Repetition is a fundamental part of successful language learning. Until you hear or read the same vocabulary or structures again and again enough times within meaningful contexts, they just won’t commit to long-term, procedural memory no matter how much you may want to remember.

A love for repetition is perhaps one of the biggest advantages children have when learning their first language. I am simply amazed how my nephews can watch the same Sesame Street video or read the same Dr. Seuss book a zillion times without getting bored. We adults aren’t quite so patient. We tend to view such repetition as punishment, not pleasure.

Fortunately, there are two ways to eat our “repetition cake” without having to eat the “boredom broccoli”:

Narrow reading and narrow listening, popularized by Dr. Stephen Krashen, involve consuming a variety of materials on the same, “narrow” topic. This way you will be re-exposed to much of the same vocabulary and patterns in a meaningful and interesting way without having to read or listen to the exact same piece again and again. For more from Krashen, check out our interview:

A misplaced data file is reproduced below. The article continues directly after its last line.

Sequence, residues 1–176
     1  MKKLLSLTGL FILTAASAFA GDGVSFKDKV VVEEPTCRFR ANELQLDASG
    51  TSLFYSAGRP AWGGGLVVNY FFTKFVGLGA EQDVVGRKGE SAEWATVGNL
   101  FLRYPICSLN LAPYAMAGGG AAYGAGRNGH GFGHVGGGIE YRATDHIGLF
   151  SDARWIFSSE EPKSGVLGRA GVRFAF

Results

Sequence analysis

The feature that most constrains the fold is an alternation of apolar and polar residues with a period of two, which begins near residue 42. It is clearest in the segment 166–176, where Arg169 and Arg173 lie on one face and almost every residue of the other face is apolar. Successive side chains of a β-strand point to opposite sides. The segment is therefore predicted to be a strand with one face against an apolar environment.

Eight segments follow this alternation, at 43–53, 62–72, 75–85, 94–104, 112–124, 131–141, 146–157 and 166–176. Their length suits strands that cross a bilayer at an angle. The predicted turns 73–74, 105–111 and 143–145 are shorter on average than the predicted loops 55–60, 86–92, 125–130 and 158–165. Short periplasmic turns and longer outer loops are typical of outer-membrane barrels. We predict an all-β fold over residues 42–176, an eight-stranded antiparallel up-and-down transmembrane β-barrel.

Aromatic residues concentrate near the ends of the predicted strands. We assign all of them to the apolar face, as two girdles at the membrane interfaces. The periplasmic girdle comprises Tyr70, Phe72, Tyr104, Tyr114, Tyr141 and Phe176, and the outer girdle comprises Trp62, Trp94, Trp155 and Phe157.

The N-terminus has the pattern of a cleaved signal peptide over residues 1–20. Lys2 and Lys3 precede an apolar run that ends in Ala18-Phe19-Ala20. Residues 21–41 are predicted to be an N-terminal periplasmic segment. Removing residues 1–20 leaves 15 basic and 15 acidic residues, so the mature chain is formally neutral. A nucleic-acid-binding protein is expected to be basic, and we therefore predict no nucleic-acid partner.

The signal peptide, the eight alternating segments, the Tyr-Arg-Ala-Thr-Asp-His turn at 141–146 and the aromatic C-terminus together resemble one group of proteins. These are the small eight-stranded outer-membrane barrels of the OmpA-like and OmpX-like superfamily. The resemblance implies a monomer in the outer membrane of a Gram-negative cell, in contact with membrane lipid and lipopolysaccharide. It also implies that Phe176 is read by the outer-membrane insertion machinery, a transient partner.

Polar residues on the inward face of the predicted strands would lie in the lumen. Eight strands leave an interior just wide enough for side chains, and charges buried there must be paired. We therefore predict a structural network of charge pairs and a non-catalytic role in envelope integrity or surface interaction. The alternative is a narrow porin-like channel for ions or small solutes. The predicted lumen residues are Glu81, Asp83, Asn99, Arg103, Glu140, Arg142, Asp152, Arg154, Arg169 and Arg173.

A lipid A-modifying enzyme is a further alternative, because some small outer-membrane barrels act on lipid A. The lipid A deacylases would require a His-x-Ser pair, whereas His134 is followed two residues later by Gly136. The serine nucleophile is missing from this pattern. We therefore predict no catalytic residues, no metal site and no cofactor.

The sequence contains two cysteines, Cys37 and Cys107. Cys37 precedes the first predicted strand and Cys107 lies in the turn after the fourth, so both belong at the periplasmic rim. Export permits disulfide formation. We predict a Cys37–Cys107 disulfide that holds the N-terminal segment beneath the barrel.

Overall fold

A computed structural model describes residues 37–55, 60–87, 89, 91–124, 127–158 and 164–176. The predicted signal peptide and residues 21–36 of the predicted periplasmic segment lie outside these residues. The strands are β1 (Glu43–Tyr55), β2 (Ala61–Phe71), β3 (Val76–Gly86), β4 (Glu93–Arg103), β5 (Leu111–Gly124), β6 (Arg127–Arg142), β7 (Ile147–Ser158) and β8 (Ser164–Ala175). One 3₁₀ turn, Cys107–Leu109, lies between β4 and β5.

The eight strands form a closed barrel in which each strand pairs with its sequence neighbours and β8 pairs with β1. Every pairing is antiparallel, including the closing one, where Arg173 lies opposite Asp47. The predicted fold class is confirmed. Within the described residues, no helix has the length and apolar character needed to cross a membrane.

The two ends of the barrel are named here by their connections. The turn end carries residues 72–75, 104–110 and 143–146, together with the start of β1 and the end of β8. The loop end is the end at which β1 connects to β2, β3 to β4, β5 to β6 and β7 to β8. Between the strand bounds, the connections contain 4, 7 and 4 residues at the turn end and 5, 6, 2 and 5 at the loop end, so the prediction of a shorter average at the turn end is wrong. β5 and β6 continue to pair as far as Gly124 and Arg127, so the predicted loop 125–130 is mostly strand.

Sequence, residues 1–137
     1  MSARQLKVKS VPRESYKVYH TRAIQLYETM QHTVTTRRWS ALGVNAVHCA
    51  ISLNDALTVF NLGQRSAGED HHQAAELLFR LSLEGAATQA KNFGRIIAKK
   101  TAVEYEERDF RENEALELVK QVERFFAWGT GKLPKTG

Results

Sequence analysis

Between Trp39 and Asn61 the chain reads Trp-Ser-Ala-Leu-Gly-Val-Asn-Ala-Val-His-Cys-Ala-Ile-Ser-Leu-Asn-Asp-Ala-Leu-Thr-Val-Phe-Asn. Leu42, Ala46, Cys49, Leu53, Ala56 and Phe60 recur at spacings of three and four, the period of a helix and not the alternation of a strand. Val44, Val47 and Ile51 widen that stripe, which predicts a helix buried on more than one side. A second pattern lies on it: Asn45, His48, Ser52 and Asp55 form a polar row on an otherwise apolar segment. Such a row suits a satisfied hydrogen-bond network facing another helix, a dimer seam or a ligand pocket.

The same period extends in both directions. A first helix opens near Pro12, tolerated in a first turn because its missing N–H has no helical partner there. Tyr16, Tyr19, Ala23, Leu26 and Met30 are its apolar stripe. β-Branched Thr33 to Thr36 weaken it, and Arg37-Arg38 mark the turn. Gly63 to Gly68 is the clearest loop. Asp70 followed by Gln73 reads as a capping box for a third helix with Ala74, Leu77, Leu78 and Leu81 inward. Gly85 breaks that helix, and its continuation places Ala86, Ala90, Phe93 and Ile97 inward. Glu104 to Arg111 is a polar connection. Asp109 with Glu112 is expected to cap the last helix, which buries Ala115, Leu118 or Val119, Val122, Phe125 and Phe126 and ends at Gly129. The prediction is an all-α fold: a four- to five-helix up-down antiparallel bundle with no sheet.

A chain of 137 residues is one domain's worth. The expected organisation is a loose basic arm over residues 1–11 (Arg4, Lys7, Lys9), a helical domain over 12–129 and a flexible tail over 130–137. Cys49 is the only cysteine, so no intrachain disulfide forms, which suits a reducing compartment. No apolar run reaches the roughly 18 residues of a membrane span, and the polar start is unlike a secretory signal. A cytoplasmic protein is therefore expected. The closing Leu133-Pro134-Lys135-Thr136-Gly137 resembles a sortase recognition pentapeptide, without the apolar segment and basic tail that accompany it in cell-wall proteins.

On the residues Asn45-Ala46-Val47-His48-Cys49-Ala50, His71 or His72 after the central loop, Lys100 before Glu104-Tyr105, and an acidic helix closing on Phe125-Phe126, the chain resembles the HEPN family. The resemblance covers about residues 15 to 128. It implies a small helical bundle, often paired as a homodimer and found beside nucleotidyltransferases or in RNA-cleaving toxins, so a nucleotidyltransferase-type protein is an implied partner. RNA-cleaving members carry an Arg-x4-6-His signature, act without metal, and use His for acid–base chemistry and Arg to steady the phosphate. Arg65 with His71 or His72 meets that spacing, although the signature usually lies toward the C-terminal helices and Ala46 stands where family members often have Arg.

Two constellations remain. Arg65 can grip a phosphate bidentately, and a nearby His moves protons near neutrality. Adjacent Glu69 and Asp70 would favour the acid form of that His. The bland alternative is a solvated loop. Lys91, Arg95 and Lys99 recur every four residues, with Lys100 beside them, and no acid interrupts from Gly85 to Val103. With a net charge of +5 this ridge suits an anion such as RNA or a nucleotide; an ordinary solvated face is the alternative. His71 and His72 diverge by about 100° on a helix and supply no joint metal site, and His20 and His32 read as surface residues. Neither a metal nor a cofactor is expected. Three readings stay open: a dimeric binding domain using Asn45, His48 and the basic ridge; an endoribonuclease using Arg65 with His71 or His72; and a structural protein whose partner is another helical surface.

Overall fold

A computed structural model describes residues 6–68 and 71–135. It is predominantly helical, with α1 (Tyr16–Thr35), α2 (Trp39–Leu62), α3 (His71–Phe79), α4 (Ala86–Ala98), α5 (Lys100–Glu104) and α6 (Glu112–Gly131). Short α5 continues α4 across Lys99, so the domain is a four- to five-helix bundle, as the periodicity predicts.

Interview with Stephen Krashen: Linguist, Researcher & Education Activist

A great way to apply narrow listening and reading, while also getting some speaking practice to boot, is to interview a number of people using the same predefined questions. Though answers and opinions will certainly vary (and thus increase how interesting the content will be to later review), you will inevitably come across many of the same terms and language structures. If you don’t have friends or teachers to interview from the target language community, just find some via iTalki, or any of the other myriad online language communities.

See also my article about spaced repetition:

Spaced Repetition: What is It? Why & How Should You Use It?

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